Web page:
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Beyond: Two Souls

Beyond: Two Souls

Quantic Dream premiered their latest effort on Playstation 3 in Los Angeles and we took a closer look at two souls locked together.

Two of my personal favourite games of the last ten years are Quantic Dreams' Fahrenheit (Indigo Prophecy) and Heavy Rain. Not that they weren't flawed. Who in their right mind can keep a straight face as the Mayans and the Internet face off towards the end of the former, and Heavy Rain had some glaring plot holes for players to deal with. Nevertheless, they went far to prove that the gaming medium was capable of more as far as narratives and storytelling goes. The dawn of true cinematic interactive entertainment may still be lurking beyond the horizon, but Quantic Dream are intent on getting there some day.

Beyond: Two Souls

With Beyond: Two Souls, Quantic Dream continues their work along the same lines, and it is obvious that the game is firmly rooted in the fundamentals of Heavy Rain. But I'm going to assume you are at least somewhat familiar with the basics of Quantic Dream's previous efforts and focus on what's different. The first thing we notice is the fact that we're not given multiple views on the story, instead we get to follow Jodie Holmes, played by Ellen Page, through 15 years as she explores a relationship with a mysterious entity (or ghost if you will), that has somehow always accompanied her.

This naturally falls in line with Quantic Dream's well documented interest in the paranormal, but it feels refreshing that it comes to the forefront this time around, and that it isn't hidden or even edited down like it was in Heavy Rain. It also comes across as way more personal than the hero's journey Lucas Kane experienced in Fahrenheit, where the main protagonist found himself at the center of a conflict that threatened all of mankind.

While Jodie may still have a role to play in the greater scheme of things (highly likely), the way the game was presented at E3 makes us think that the scope is different this time around and that the focus is on her personal exploration of the link that ties her to the entity.

Beyond: Two Souls

The choice to go with an established actress like Ellen Page (Juno, Inception) is a bold move. Because the game seems to mirror Page's acting to such a degree that any misstep is bound to create that uncanny valley feeling they so desperately want to avoid. At the same time the potential upside is massive. From what we witnessed at E3 Quantic Dream have done an impeccable job so far.

The developers picked the atmospheric scene when Jodie Holmes sits in a local sheriff's office that is about to get raided by federal police to introduce the world to Beyond: Two Souls. Perhaps an indication of just how bold the game is in its premise - most of the scene is just building mood - and when something finally happens...well, there's isn't much to be seen. The introduction also did very little to reveal just how much freedom and branching there is in the game, something that has been a hallmark of previous Quantic Dream titles.

Watch: The E3 presentation footage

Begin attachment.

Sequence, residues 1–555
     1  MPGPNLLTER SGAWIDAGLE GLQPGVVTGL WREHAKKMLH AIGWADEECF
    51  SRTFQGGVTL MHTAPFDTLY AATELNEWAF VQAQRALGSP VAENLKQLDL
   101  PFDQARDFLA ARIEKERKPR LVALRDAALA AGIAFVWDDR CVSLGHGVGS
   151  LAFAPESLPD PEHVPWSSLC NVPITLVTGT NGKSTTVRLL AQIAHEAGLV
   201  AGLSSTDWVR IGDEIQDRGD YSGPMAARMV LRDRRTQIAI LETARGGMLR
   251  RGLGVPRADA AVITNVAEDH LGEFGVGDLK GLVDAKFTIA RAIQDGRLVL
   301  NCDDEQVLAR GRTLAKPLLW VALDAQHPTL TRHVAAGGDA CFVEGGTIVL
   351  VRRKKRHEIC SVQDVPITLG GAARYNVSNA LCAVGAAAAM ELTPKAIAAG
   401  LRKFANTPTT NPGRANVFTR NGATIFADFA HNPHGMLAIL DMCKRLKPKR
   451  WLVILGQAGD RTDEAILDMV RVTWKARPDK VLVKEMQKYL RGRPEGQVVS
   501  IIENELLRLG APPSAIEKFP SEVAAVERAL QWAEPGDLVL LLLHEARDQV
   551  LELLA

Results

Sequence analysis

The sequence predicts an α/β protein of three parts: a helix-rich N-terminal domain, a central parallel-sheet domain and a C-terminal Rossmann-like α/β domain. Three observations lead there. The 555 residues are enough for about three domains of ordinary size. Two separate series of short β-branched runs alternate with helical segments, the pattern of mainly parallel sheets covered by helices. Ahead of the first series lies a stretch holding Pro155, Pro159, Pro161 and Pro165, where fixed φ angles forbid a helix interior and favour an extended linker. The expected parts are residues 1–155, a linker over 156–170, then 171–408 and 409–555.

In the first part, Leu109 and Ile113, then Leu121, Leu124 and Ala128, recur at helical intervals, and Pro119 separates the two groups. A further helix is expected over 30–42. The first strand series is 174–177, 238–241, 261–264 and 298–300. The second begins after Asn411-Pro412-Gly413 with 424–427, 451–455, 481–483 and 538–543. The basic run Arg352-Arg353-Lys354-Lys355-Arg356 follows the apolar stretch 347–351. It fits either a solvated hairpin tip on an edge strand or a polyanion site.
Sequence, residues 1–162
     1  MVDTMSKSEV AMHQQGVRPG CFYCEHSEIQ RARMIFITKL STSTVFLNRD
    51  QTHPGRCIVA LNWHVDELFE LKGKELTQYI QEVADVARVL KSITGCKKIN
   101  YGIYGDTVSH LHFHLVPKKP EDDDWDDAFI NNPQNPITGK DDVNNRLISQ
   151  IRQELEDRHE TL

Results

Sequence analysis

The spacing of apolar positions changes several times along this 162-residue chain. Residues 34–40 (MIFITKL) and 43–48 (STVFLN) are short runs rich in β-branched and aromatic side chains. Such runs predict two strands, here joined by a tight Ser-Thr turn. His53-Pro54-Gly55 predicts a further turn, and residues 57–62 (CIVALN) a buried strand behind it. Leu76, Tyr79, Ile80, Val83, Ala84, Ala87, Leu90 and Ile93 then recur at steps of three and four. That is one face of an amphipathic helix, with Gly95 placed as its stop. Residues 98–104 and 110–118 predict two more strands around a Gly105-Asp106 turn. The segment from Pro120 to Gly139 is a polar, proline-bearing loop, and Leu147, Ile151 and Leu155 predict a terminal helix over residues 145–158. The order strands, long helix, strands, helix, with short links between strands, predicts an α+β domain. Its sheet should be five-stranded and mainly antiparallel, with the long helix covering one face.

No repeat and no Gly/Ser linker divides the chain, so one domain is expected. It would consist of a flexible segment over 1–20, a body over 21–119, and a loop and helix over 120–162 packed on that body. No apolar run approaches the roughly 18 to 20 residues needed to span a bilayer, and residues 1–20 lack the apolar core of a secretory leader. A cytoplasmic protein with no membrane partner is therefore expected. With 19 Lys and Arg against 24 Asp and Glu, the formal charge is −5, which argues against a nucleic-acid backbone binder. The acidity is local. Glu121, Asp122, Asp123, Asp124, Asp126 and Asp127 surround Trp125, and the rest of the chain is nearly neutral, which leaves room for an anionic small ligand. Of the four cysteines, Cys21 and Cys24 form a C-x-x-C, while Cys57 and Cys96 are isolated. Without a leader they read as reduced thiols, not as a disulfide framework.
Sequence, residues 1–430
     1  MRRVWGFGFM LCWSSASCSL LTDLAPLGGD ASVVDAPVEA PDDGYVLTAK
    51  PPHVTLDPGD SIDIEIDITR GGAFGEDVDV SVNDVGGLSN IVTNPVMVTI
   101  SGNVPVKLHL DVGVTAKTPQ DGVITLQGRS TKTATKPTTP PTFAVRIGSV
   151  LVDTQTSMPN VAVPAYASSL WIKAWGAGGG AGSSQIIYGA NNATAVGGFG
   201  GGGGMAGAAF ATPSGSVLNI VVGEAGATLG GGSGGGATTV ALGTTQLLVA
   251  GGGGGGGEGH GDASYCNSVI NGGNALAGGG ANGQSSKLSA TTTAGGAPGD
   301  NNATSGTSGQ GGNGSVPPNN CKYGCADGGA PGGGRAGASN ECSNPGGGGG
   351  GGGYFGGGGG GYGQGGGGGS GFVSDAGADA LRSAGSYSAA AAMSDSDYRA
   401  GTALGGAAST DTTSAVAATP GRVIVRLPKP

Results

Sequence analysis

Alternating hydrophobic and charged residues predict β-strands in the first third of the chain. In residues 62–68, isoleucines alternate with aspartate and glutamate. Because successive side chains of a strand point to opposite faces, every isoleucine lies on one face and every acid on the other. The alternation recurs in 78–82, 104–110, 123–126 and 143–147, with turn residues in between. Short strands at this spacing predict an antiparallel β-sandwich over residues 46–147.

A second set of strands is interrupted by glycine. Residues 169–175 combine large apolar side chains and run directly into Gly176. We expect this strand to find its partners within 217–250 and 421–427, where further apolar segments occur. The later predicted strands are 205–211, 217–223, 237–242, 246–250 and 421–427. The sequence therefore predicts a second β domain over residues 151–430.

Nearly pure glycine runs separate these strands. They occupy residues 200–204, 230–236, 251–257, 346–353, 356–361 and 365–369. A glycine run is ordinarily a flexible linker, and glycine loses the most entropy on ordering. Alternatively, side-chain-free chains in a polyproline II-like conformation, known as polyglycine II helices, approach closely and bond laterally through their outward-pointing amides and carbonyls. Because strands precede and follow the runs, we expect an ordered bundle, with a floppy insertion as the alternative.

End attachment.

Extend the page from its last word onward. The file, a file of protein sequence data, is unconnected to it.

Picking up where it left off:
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The branching storylines will be there, and your journey with Jodie and the entity (Aiden?) will be your own. It's going to be interesting to see just how the narrative will work as it seems the player is limited to hearing Jodie's responses to the entity. Perhaps the communication will be more straight forward at times, but it's an interesting set up.

Quantic Dream were keen to point out that Jodie and the entity are not the same, and that even if players will be switching between controlling the two - they may be operating with very different agendas. Whether the player can influence both of these remains to be seen.

Beyond: Two Souls

The combat in Beyond: Two Souls is an area Quantic Dream are still fairly vague about. Fahrenheit and Heavy Rain relied heavily on quick time events, and - especially in Fahrenheit - this was a bit of a distraction during key scenes (you're not really watching the action since you're trying to pull off a twenty-five step-long quick time event), and while there will be some quick time events in Beyond: Two Souls there will be fewer QTEs and combat will be more reactive. It's quite possible that controlling the entity will allow for new and interesting twists to combat, but don't expect this to be a bodyjumping shooter experience.

Beyond: Two Souls

In the Playstation lounge above E3's show floor we were given a brief demo where we got to see just how handy the entity can be as Jodie was locked up in a train compartment. The entity could freely roam and possess certain individuals (such as the train conductor) if they had some kind of yellow glimmering stars above their heads. Hopefully there will be areas where you can explore and manipulate events with this ability to even greater extent than just freeing Jodie and locking someone else in.

It's nice to see David Cage and Quantic Dream in a favourable position after Heavy Rain exceeded commercial expectations, and with most of the technical groundwork done, the team has been able to focus their efforts even more on the narrative elements this time around. Hopefully, this means Beyond: Two Souls has what it takes to fulfill the promise of an even greater experience that both Fahrenheit and Heavy Rain left us with. The potential here is tremendous, and now it's up to Quantic Dream to deliver.

Watch: GRTV Interview with Producer Ray Khalastchi

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Beyond: Two SoulsScore

Beyond: Two Souls

REVIEW. Written by Mike Holmes

"The story itself is really enjoyable (if slightly predictable); a good thing considering so much weight hangs on its ability to entertain."

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